On Thursday, January 16, EDLAB organized its first Student-Meet of 2020. EDLAB’s Student-Meets are informal gatherings in which students from all UM faculties come together to chat about their educational experiences at the university. The focus of this particular Student-Meet was on team dynamics.
Central to the event resided the question: Is there a magical recipe for groupwork? The first part of the event was a brainstorm. The students present were divided into two groups and were asked to talk about their best experience with teamwork. What made this experience so good? On a big paper in the middle of the tables, the students wrote answers such as communication, strong leadership and a safe environment. After forty minutes, the papers were fully filled with various components of good groupwork.
Stephanie Meeuwissen, expert in interdisciplinary team (learning) processes, learning cultures and psychological safety in the workplace was present at the event too. She enlightened the students on the already conducted research on the topic. For starters, Stephanie asked the group whether they had defined team dynamics. As it turns out, groupwork is not the same as teamwork. Where a team has a common goal, a group does not necessarily have so.
Then, Stephanie explained that, though there are many assets to good teamwork – which cannot all be identified when merely looking at processes and outcomes (Decuyper et al., 2010, p.127), there are three which form the magic recipe. They are, placed in random order, the following:
- A manager who can get things done. This is not necessarily the same as leadership, which refers to one who can inspire and motivate the right people to do the job.
- Boundary crossing attitude, which means that all team members should be open to other disciplines than their own.
As one can imagine, these three components are highly interlinked.
However, the magic recipe is not always followed. Where people come together, friction is on the watch. A team is no exception to the rule. Hence, the second part of the event was a practical application of tips on how to give feedback to a team member who is not doing their part of the work. This practice turned out to be easier than a real-life situation, due to an absence of emotional responses from both the one who receives or gives feedback. This difficulty was somewhat fixed with a second practice round in which the students had to follow a script. In teams, one student had to practice giving feedback to their thesis supervisor. How do you actually do that, giving feedback to a superior?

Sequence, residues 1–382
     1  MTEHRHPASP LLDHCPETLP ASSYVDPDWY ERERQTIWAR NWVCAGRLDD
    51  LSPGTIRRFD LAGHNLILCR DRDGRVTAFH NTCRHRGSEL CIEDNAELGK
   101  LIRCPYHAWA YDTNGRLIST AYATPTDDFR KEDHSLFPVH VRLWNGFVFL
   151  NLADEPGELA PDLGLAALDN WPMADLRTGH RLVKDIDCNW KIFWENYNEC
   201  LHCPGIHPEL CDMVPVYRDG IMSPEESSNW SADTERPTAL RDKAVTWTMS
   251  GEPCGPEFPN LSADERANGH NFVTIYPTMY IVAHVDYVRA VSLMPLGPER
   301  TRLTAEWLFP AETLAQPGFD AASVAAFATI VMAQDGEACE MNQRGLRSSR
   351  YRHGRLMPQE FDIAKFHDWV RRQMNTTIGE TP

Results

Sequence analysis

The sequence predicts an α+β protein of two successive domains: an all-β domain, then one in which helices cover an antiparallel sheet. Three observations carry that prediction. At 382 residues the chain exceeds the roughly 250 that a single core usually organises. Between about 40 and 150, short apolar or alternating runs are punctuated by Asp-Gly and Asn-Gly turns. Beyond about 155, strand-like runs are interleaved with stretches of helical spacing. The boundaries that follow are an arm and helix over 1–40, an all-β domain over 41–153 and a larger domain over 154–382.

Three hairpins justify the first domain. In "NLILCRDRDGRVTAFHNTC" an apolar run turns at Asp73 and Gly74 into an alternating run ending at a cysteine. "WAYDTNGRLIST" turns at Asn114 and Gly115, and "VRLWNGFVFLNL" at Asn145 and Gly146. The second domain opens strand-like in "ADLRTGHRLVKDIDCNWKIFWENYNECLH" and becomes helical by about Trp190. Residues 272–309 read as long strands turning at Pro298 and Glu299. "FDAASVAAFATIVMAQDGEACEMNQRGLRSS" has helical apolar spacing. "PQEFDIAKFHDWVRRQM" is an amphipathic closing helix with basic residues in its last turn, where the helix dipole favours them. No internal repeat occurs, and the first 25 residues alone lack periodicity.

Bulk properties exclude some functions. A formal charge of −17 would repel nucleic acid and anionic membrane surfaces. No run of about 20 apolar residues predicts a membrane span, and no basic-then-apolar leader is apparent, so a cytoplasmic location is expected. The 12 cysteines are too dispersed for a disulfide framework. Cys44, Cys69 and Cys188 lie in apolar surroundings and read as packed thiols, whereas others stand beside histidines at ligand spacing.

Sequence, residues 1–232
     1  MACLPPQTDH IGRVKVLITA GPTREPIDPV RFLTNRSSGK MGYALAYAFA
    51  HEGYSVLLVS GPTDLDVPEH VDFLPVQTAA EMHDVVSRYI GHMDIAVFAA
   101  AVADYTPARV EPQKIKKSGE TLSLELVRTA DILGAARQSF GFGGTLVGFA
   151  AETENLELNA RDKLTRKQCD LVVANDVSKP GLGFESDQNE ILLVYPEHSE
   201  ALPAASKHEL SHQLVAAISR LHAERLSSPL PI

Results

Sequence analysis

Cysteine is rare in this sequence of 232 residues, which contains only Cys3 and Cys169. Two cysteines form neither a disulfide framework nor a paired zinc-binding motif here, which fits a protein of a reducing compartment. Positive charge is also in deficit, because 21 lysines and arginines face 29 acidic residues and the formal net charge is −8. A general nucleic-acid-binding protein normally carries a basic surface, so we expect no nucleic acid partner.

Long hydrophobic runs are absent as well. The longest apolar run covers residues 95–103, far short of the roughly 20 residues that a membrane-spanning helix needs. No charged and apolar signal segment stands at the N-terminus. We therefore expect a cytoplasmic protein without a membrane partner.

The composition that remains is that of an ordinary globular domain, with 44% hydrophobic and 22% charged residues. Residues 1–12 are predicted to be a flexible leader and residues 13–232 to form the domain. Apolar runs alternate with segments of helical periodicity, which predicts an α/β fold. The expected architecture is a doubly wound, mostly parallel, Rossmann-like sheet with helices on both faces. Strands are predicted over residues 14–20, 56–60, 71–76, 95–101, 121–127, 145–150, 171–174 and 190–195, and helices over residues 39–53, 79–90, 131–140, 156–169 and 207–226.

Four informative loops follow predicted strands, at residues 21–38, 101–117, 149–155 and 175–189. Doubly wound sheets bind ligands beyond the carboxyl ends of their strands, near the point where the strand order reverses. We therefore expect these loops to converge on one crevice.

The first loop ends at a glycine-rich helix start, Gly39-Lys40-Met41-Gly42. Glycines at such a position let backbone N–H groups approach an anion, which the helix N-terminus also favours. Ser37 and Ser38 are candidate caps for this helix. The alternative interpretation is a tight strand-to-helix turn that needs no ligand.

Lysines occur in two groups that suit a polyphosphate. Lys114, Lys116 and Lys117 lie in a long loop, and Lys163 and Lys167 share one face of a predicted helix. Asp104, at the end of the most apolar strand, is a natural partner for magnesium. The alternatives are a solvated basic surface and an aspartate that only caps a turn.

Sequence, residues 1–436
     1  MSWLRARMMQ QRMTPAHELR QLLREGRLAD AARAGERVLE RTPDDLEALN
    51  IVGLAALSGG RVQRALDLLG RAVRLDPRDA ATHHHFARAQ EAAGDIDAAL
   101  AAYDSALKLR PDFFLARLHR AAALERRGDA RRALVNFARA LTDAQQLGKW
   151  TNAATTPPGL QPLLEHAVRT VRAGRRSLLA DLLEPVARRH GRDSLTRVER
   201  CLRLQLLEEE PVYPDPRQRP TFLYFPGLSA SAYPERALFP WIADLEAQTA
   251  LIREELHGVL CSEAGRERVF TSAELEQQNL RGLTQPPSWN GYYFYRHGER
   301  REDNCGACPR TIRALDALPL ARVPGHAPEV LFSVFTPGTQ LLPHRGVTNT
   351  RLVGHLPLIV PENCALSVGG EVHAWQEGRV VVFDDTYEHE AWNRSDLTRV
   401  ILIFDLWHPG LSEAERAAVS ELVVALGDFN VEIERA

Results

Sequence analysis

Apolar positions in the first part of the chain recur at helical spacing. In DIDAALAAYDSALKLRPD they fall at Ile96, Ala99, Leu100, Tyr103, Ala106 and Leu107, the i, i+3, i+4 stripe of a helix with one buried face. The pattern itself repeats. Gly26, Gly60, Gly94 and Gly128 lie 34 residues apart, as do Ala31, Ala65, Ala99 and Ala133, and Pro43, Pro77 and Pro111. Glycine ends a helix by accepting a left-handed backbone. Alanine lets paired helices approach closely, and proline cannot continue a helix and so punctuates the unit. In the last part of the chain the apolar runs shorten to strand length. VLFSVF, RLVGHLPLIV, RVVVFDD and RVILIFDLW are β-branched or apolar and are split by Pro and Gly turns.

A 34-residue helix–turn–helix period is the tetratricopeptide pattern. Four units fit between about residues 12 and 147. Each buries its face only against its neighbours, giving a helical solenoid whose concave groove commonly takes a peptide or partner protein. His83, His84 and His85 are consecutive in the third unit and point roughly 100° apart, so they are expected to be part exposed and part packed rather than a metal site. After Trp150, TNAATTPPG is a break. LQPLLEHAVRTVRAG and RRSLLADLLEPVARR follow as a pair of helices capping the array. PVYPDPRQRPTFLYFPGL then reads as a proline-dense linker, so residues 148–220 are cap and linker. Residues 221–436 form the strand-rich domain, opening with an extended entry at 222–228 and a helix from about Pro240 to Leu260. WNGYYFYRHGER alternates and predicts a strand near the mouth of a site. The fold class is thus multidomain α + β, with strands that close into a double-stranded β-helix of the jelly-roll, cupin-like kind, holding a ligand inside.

Both practice sessions showed once more that both giving as well as receiving feedback is not an easy task.
Wherever one goes, working in a team seems unavoidable. However, the recipe to good teamwork is not always easy to follow. Therefore, both learning about its different ingredients as well as practicing situations in which teamwork might have gone wrong are important experiences for anyone, students too. A safe environment such as a university classroom or a Student-Meet seems like a good place for this.
The facts are clear. Based on, for example, research by Amy Edmondson, one can conclude that all elements influencing the effectiveness of teamwork reside under the umbrella of so-called psychological safety. It is not too surprising that if team members do not feel safe to share their ideas or take action, which always comes with a risk, every other element of teamwork will influence the outcome differently (1999, p.379). Thus, a psychological safe environment needs to be established, in order for the other factors to have at least the environment of establishing the desired outcome. Now, the difficulty lies, of course, in how to establish an environment as such.
Interested in attending one of the future Student-Meets? Follow our Facebook page for updates
Are you interested to read more research conducted on this topic? You can find the recommended readings by Stephanie Meeuwissen in the reference list below.
Van den Bossche, P., Gijsselaers, W.H., Segers, M., & Kirschner, P.A. (2006). Social and Cognitive Factors Driving Teamwork in Collaborative Learning Environments. Team Learning Beliefs and Behaviors. Small Group Research, 37(5), 490-521.
Decuyper, S., Dochy, F., & Van den Bossche, P. (2014). Grasping the dynamic complexity of team learning: An integrative model for effective team learning in organisations. Educational Research Review, 5, 111-133.
Edmondson, A. (1999). Psychological Safety and Learning Behavior in Work Teams. Administrative Science Quarterly, 44(2), 350-383.
Meeuwissen, S.N.E., Gijselaers, W.H., Wolfhagen, I.H.A.P., & Oude Egbrink, M.G.A. (n.d.). How Teachers Meet in Interdisciplinary Teams: Hangouts, Distribution Centers, and Melting Pots. Academic Medicine, Journal of the Association of American Medical Colleges.